Drinking alcohol is a recreational pastime that Americans use to celebrate good times and get through the bad, relax after work and ramp up for fun. It’s so integrated into our social norms and customs that no one would bat an eye if you were to say that you have a glass of wine (or a bottle of beer) every day. For years now, doctors and scientists have been peddling the idea that a little bit of alcohol can even be good for you.  

However, people often forget that alcohol is a drug, just as heroin or meth is. So while we’ve all heard the adage “everything in moderation” does that apply to alcohol as well? In this article, we’ll explore how much alcohol is safe to drink daily–and if there’s such a thing as a safe consumption amount–and the potential risks of overstepping that threshold. 

How Much Is Too Much: What Is Heavy Drinking?

Before diving into the dangers of drinking too much, we must first define what too much actually is. SAMHSA (the Substance Abuse and Mental Health Services Administration) bases their definition of heavy drinking based on the frequency of binge drinking episodes (five or more in a single month). The NIAAA (National Institute on Alcohol Abuse and Alcoholism) has it broken down by the number of drinks and gender (4+ drinks a day or 14+ per week for men, 3+ drinks a day, or 7+ drinks in a week for women). 

Did you notice that SAMHSA specifically cites binge drinking as part of its criteria? That’s because binge drinking and heavy drinking are not the same things. Though both represent unsafe levels of alcohol consumption and can increase the risk of causing alcohol addiction, binge drinking is more about drinks consumed over an episode, while heavy drinking speaks to a person’s drinking pattern on a more aggregate level.

However, even using these guidelines, there’s no universal measure of how much you have to drink to be considered an alcoholic. That is something that’s determined by genetic and environmental factors such as your gender, weight, metabolism, and even your stress levels.

What’s In A Drink: Standard Drink Sizes

If you think your drinking habits are in the clear, don’t celebrate just yet. The other crucial aspect of determining whether you drink too much is understanding what “one drink” looks like. The National Institute on Alcohol Abuse and Alcoholism defines a standard drink as one that contains 14 grams or 0.6 fl oz of pure alcohol. Since different types of alcoholic beverages contain different alcohol contents, the size of what a standard drink is considered to be:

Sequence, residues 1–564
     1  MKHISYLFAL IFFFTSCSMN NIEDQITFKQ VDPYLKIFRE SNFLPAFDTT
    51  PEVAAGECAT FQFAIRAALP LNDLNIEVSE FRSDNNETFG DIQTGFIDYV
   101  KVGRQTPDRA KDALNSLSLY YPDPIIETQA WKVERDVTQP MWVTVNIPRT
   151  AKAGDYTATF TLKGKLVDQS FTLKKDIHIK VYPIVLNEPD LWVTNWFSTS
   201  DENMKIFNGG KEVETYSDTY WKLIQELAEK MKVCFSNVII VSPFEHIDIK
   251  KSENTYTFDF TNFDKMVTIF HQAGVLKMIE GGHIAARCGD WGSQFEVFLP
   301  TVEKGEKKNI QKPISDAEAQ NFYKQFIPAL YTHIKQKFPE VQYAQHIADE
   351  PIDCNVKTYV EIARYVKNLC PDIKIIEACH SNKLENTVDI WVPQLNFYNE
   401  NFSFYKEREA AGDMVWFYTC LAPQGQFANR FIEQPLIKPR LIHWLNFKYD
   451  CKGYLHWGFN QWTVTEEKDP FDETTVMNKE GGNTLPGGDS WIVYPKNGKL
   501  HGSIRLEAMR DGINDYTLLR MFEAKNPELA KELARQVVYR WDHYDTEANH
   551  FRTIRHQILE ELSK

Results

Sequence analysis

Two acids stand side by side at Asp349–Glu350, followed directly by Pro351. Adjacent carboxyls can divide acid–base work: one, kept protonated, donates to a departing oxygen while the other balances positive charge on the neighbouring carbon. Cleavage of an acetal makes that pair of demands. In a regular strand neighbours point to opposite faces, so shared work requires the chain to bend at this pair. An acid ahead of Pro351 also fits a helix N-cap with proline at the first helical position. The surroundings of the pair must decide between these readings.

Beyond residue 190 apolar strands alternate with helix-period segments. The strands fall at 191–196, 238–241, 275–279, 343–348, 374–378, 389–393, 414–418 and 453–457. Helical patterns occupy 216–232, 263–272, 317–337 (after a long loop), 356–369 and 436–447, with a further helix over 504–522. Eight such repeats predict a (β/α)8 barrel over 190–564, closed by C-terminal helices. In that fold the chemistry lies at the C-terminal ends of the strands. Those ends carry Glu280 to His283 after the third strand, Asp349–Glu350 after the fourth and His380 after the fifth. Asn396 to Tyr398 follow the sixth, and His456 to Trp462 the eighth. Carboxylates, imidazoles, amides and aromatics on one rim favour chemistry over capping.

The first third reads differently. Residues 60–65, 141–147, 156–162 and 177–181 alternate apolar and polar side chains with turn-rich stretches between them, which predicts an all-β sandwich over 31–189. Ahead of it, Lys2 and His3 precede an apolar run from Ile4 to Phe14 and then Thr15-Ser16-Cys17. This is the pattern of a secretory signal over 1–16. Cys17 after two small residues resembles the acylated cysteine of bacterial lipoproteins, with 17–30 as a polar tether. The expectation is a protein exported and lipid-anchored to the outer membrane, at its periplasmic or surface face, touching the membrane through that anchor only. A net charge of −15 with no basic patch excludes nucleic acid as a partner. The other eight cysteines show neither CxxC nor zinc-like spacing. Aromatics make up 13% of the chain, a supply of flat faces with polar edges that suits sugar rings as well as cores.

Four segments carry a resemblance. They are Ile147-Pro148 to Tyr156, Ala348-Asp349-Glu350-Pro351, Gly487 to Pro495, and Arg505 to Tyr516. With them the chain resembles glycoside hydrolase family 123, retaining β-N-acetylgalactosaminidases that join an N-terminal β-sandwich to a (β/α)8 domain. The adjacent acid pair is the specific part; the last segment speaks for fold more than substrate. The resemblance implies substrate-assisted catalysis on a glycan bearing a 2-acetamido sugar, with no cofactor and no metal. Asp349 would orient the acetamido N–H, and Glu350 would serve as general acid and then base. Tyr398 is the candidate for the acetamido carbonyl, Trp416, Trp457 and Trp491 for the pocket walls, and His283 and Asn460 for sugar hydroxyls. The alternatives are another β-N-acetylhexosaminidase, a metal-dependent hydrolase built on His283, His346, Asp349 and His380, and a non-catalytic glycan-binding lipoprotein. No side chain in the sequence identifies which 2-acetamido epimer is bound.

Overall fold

• Beer: 12 fluid ounces
  • Wine: 5 fluid ounces
  • Liquor: 1.5 fluid ounces

So while you might only consume a single glass of alcohol, if that glass contains a greater amount of a certain alcohol type than what’s listed above, it technically counts as more than one drink.

Is There Any Amount of Alcohol That’s Safe To Drink?

The short answer: No. Researchers found that drinking more than 100 grams of alcohol a week, regardless of gender, was correlated with a shorter life expectancy. No matter how you look at it, not drinking will always be better for your health. 

That being said, even a moderate drinking level (2 or fewer drinks a day for men and 1 or fewer for women) has the potential to be harmful. All that distinction means is that the health risks are comparatively lower than if you were a binge or heavy drinker. As such, moderate drinking habits are still a far cry from being harmless–or even healthy (We’re looking at you, red wine. A 2018 study debunked a long-held belief that the occasional glass of red wine could be good for the heart.).

Here are a few things that can happen if you drink every day:

  • Gastrointestinal distress: Alcohol damages your stomach lining and can harm the helpful bacteria that live in the gut. Disturbing this delicate balance can lead to issues such as indigestion, nausea, and constipation. 
  • Weight gain: Alcohol is full of empty, sugary calories. It also slows the metabolism and makes workouts less effective, leading to reduced muscle gain.
  • Poor sleep: Affecting virtually every system of the body, alcohol prevents the body from fully relaxing. 
  • Liver problems: The weight gain caused by excess drinking can also impact one of your most important organs. The fat damages the liver, causing inflammation which continues the cycle and ultimately leads to liver failure.
  • Increased risk of cardiovascular disease: Higher blood pressure and higher cholesterol are two other consequences of alcohol consumption, making a perfect storm for stroke and heart failure.

If you or someone you know drinks daily or has tried to stop but to no avail, they might have a drinking problem. Talk to a professional at an addiction treatment center near you.